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pwm last won the day on January 7

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  1. Or btrfs as the default filesystem The BTRFS checksums isn't as explicit as the checksumming done by file integrity plugins and SnapRAID. But compared to SnapRAID etc, it isn't limited to just look at checksums for individual files - it also checksums the file system structures. The good thing is that it's possible to use both a file integrity plugin and BTRFS, where a file integrity plugin can also help with locating duplicated files i.e. files with the same hash. And a file integrity plugins can catch intentionally changed files while BTRFS can only catch bit rot.
  2. Can't access server after upgrading to 6.5

    The UDMA CRC functions as high watermark. So they represent the full lifetime of the individual drives. Only worry if you get new notifications that they continue to tick up. You could live with maybe one or two ticks/year for a drive but if it keeps ticking up it's time to look at your cabling.
  3. basket of odd issues and problems

    An important thing with BTRFS is that it is using CoW - Copy on Write. This means that if you have a full drive and want to modify an existing file you will fail. The file system has to make the writes to empty space (Copy on Write). Then later it can remap the file content to point to the newer data and release the previous file content. This is different from almost all other file systems that only fail if you try to add new files but always allows you to write changes to existing files as long as you don't try to increase the file size. Lots of programs have hard-coded logic where they assume they can't fail modifying existing files which means they can behave very badly when used on a CoW file system. Developers just has to learn the hard way to not make assumptions that some operations can never fail. So rule #1 with BTRFS is to not run it full. Rule #2 and #3 are also to not run it full.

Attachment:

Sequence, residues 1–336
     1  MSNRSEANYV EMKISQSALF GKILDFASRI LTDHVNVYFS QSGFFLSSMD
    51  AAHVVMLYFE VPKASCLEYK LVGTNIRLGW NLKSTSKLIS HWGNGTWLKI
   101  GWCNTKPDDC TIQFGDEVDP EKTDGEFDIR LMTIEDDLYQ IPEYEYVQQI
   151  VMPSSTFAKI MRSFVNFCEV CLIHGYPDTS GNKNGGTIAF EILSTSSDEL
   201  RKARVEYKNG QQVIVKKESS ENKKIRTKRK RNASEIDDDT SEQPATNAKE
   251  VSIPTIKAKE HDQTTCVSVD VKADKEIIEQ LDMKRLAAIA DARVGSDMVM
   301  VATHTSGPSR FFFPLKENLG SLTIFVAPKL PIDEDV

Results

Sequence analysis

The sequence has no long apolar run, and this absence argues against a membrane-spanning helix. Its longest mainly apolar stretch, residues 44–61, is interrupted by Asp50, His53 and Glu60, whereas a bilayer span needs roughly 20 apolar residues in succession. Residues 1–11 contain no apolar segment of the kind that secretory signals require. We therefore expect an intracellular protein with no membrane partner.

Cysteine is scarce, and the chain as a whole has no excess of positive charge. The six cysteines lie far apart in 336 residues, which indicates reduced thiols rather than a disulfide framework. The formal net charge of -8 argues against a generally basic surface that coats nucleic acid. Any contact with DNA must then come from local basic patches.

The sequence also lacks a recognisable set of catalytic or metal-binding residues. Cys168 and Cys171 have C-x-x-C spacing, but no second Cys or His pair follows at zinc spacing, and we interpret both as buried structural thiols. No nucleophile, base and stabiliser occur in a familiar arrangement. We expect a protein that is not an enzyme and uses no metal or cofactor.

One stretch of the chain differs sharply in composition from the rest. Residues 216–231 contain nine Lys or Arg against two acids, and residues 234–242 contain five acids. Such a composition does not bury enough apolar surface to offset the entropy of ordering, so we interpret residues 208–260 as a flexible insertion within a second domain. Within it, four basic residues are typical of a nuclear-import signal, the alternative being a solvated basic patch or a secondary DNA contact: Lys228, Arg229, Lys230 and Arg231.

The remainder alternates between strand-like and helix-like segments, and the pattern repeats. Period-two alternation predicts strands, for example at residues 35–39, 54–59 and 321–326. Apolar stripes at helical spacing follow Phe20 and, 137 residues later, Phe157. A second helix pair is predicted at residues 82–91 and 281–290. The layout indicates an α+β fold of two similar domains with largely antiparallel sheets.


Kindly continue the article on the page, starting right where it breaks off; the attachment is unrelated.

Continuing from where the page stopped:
4. You can, if you use a file integrity plugin.
  5. Upgrade Build - Gaming, Media, Mining

    Even 2+1 with 8TB drives is 16 TB which is plenty for lots of people. And small means easy to place. The important thing is that different people have different needs, so there are no needs to copy other peoples "recipes" unless the goals happens to be similar. The main thing is to build a stable machine with good disks and PSU and don't overclock.
  6. Anybody planning a Ryzen build?

    An interesting thing is that they claim they have no economic interest in AMD or Intel. But they do not say if Intel has any economical interest in them. And Intel has lots of staff in Israel - the Core chips originated in Israel as a continuation of the Pentium M (Centrino) and saved Intel from the P4/Prescott failure.
  7. Interesting. Looks like it's using smaller platters suitable for a 1.8" drive. Similar to how lots of high-end 3.5" drives have used 2.5" platters for a long time now. Maybe my guess that it isn't too far until 2.5" drives will replace the 3.5" drives was wrong. Maybe they jump all the way to 1.8" drives.
  8. basket of odd issues and problems

    First off you need to post the diagnostics so we can see what SMART data you talk about and also see in the logs if there are any interesting events. And you want to catch diagnostics before reboot so you don't lose the interesting log data.